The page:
This is part 1 of a 4 part series on the future of HR. It will run every Monday for 4 weeks. I’d also like to mention that Jeff has alredy started a series on HR strategy here. Part of me is hoping that our ideas are fairly complementary, and part of me hopes that they are wildly contradictory. Let’s see…
You know, everyone hates the words “HR Strategy.” I hate it, you hate it, and everyone I know hates it. The problem is that very few of us can readily define it. The facts are that I’m going to define it today, but many of you are going to disagree with me. I invite you to comment away and tell me where you thing I go wrong, and what you thing HR strategy really is.
What HR Strategy isn’t. The below list are all tactics to help us achieve our strategy:
- It is not talent management or aqcuisition
- It is not about learning
- It is not workforce planning
- It is not benefit, compensation, or any other sub-function management
HR Strategy is simply:
shaping the workforce around the organization’s business needs, and
manipulatingmanaging behavioral changes to match the desired environmental goals.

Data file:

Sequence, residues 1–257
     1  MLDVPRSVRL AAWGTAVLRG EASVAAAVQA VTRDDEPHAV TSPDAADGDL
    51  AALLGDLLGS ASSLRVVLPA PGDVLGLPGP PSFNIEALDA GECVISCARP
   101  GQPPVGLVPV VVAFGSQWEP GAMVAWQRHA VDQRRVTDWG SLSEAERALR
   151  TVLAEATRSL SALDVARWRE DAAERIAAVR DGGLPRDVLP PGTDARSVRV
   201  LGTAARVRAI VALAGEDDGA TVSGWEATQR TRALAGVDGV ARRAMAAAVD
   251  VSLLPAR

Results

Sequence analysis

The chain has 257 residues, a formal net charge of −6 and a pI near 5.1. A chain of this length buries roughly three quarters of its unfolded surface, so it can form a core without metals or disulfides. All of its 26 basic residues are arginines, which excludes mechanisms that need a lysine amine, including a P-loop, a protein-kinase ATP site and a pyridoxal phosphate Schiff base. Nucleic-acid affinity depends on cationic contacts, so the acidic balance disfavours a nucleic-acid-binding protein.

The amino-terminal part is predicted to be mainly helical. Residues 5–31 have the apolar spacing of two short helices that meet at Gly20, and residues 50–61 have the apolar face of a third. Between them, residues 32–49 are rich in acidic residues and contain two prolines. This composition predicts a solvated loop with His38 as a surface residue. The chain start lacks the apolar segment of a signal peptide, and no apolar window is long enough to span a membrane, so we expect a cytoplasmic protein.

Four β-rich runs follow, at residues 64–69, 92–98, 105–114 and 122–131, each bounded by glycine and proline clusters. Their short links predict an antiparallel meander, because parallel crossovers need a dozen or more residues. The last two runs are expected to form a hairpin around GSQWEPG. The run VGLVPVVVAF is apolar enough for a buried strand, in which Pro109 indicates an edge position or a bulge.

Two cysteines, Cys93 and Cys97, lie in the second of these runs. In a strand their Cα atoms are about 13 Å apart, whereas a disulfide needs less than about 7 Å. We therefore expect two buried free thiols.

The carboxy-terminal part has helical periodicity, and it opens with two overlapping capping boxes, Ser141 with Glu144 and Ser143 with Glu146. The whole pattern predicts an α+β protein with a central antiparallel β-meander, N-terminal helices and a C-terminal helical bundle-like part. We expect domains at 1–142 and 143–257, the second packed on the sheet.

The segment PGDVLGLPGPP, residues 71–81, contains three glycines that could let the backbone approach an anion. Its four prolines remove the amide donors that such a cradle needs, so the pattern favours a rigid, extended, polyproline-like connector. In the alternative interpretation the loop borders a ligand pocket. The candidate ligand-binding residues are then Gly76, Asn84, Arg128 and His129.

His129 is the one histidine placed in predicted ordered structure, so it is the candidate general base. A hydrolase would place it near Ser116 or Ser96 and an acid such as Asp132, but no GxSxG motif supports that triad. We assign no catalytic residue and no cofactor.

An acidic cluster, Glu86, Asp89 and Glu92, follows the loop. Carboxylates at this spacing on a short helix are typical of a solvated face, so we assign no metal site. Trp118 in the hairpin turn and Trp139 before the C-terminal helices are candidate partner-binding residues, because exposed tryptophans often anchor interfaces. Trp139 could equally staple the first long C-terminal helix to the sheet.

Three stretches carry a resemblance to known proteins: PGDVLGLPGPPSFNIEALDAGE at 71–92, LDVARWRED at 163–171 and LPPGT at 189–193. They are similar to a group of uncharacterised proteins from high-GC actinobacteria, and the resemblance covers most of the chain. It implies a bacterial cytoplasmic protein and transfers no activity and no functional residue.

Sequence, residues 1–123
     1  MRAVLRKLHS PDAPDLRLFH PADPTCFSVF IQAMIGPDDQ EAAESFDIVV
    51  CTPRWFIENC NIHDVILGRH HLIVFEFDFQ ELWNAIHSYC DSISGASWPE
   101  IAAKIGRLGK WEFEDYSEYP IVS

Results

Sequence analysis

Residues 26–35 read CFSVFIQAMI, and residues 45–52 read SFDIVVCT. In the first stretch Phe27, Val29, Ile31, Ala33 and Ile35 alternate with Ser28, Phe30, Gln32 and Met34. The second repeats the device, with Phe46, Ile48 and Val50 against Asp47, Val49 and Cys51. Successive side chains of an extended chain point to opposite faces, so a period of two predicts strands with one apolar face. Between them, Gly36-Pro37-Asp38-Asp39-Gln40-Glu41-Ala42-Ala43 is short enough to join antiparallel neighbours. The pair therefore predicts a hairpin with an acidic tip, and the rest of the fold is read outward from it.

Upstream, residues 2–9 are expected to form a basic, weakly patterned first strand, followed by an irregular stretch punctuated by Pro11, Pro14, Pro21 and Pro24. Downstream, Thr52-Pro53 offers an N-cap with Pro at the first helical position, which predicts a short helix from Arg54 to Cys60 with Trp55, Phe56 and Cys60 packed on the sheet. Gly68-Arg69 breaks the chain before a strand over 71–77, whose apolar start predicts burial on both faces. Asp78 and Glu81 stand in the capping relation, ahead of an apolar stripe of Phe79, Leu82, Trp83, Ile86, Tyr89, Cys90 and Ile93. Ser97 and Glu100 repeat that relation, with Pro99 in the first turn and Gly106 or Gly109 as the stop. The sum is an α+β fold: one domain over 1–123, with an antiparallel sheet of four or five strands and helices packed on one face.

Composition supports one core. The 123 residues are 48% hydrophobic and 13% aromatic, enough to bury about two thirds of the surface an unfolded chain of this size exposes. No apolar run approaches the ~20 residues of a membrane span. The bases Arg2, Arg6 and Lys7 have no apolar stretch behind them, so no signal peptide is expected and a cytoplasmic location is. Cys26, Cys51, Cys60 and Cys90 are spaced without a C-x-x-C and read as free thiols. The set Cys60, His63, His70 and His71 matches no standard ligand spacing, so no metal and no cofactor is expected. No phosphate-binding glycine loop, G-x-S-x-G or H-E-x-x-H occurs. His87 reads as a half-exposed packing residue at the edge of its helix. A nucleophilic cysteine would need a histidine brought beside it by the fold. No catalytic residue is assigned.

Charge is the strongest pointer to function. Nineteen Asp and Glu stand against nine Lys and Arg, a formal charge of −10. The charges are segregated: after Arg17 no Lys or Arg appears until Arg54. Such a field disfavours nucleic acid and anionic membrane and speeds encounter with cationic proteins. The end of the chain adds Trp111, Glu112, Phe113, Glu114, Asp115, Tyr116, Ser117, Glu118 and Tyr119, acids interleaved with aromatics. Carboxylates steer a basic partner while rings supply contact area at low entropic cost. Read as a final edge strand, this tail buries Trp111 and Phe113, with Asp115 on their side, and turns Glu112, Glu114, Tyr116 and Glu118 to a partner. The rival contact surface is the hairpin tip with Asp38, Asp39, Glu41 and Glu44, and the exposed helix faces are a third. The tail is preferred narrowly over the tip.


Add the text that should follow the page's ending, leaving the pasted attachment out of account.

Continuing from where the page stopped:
I have a feeling that I’ve pissed off enough people by now telling you that your jobs are not strategic. That’s not entirely true. Are you simply acquiring talent to acquire talent? or are you acquiring talent with an eye on shaping the workforce towards the vision that senior executives have set forth? That’s the difference.
What the “strategy” is in your organization is not something I can tell you. You must take direction from the executive staff (which you hopefully are a part of) to understand what the business goals are. But no matter where you are, one thing is constant, the core of the strategy revolves around creating and shaping the workforce. That’s all.